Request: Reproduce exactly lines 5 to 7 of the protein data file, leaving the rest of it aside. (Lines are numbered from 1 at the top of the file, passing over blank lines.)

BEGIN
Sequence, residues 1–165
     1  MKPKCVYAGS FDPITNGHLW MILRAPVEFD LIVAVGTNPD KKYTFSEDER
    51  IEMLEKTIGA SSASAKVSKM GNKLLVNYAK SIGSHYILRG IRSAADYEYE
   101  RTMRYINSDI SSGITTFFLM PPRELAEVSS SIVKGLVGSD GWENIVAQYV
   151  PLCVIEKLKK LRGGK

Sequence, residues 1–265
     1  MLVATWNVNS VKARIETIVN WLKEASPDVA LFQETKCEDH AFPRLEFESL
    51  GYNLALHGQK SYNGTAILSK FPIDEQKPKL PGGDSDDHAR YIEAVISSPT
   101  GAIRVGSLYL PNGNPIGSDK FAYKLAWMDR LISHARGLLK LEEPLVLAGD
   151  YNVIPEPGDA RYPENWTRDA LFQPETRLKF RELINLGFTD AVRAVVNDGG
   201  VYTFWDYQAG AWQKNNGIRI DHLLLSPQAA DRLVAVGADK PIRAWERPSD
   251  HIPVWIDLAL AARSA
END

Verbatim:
   151  PLCVIEKLKK LRGGK

Sequence, residues 1–265
     1  MLVATWNVNS VKARIETIVN WLKEASPDVA LFQETKCEDH AFPRLEFESL